‘Production Cost Remains High Despite Crash in Food Prices’

AgribusinessU.K. Wheat Harvest Using New Holland Agriculture Farming Machinery. Matthew Lloyd
  • ‘Production Cost Remains High Despite Crash in Food Prices’

Operators in the agricultural sector have complained about the high cost of production even though the prices of products such as palm oil have reportedly crashed.

The Chairman of Comtrade Group, an agro-allied firm, Mr. Abiodun Oladapo, said that the crash in the prices of agricultural products was not to the advantage of farmers since farming inputs and other factors of production such as diesel, animal feed, seed and fertilizers were exorbitant.

Reports had revealed that the price of palm oil went down from N30,000 per 30-litre keg in December 2017 to as low as N8,500 in places like Akure.

The Chairman, Ikeja Shop Owners Association, Mr. John Okonkwo, informed our correspondent that the product sold for between N14,500 and N14,000 in Ikeja.

He said the price of tomatoes also dropped from N12,000 a basket to about N6,500.

Oladapo lamented that the gains from the sector were very minimal compared to the amount of money practitioners invested in it.

According to the National President, Cassava Growers Association of Nigeria, Segun Adewumi, the cost of planting and harvesting cassava, for instance, was higher than the price that was being offered by buyers for the produce.

He said because of this, most farmers had refused to harvest their roots, choosing instead to leave them in the ground to rot.

The President, Nigerian Association of Small and Medium Enterprises Cooperative Multipurpose Society, Mr. Adams Adebayo, pointed out that farmers were exposed to a lot of risks.

He confirmed that the cost of inputs and harvesting was so high that it was difficult for farmers to make enough money to pay back loans that they borrowed from the banks.

Farmers also said they were at a loss and completely vulnerable when natural disasters such as flood and fire strike.

A farmer in Jos, Plateau State, Nandul Durfa, owner of Daje Palm Oil Farm, was reported to have lost 10 hectares of palm oil plantation to fire recently. He lost more than 4,000 palm trees, 4,000 seedlings for planting, 500 cashew trees and 200 mango trees after rat hunters set fire to the bush to smoke out rats, reports from the Lagos Chamber of Commerce and Industry’s agriculture whatsap platform indicated on Wednesday.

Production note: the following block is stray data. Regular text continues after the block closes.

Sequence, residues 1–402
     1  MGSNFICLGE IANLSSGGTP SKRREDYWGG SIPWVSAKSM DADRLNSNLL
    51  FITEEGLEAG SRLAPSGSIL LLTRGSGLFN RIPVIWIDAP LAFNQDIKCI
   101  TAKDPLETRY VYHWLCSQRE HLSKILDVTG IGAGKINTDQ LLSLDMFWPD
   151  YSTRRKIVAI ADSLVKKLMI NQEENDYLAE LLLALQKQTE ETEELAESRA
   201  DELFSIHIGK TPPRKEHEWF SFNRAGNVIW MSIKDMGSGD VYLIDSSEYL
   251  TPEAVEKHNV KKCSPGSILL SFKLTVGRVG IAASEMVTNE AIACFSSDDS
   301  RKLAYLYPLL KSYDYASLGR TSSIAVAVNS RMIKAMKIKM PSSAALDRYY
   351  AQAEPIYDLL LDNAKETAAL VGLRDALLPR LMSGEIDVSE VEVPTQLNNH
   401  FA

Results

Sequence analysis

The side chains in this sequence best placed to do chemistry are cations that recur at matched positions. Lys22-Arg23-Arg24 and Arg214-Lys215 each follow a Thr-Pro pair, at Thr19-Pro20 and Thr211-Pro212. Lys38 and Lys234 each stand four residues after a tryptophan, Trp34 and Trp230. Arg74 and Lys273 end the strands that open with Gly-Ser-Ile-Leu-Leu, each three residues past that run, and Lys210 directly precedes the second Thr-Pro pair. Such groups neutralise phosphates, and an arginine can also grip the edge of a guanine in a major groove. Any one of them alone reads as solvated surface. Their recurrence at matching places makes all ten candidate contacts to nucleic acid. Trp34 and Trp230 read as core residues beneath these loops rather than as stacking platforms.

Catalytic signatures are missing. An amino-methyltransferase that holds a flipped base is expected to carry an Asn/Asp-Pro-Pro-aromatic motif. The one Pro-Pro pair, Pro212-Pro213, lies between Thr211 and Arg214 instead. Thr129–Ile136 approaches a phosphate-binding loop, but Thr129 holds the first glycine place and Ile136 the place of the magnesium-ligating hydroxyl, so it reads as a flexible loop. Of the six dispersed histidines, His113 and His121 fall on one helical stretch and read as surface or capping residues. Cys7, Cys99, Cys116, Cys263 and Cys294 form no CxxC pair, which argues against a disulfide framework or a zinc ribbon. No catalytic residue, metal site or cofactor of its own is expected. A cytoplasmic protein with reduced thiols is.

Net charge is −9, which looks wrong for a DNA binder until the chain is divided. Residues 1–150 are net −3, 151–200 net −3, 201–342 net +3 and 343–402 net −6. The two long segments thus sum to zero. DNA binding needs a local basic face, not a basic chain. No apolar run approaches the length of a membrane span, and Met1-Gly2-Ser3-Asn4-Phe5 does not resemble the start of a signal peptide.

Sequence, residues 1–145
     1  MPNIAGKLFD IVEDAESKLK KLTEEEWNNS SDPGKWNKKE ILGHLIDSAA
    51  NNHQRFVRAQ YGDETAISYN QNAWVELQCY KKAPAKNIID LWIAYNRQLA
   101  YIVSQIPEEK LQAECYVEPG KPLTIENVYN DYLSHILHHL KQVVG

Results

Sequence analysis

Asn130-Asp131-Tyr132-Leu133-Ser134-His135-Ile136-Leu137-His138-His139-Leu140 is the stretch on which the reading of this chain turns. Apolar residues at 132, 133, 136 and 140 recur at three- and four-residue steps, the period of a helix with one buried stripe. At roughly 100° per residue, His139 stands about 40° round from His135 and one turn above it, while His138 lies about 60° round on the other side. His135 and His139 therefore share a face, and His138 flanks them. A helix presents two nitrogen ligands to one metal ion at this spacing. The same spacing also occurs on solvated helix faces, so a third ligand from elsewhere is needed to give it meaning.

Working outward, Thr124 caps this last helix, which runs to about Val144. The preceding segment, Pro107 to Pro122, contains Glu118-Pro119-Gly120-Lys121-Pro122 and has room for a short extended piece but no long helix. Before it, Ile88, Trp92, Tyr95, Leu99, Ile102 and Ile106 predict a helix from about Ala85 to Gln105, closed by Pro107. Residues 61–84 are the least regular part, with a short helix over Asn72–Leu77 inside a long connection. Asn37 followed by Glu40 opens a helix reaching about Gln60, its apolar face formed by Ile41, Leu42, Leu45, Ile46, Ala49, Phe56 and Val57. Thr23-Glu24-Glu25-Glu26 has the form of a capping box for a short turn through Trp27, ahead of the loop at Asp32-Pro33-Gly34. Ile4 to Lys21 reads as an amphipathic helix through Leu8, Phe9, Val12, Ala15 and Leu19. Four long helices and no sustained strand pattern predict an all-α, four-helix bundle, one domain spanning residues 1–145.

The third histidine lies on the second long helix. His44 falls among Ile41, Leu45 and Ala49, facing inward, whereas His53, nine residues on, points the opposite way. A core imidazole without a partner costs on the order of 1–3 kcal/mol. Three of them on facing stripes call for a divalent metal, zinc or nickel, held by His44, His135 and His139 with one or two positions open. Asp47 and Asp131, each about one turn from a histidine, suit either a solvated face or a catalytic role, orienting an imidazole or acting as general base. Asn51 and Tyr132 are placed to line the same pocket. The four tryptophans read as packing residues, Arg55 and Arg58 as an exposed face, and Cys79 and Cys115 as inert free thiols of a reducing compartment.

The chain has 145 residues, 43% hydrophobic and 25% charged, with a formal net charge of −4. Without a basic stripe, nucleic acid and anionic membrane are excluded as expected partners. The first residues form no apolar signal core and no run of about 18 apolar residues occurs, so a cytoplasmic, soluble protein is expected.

Describing the loss as devastating, Durfa was quoted to have said, “I have lost hundreds of millions of naira to the inferno. Palm trees are resilient; if you water the burnt trees consistently, they could come back to life but this year’s proceeds are gone.

“We spend an average of N40,000 every month to treat and maintain the new seedlings. It is difficult to quantify the financial loss and the psychological trauma.”

Adebayo lamented the fact that the Nigerian Agricultural Insurance Corporation did not make provision for farmers or their produce.

He said since the price of the produce was cheaper and purchasing power of consumers had dropped, farmers were not getting anything for their labour, adding that it would be helpful if marketing boards could regulate the prices of farm produce so that farmers would not lose so much.

About the Author

Samed Olukoya
Samed Olukoya is the CEO/Founder of investorsking.com, a digital business media, with over 10 years' experience as a foreign exchange research analyst and trader. A graduate of University of East London, U.K. and a vivid financial markets analyst.

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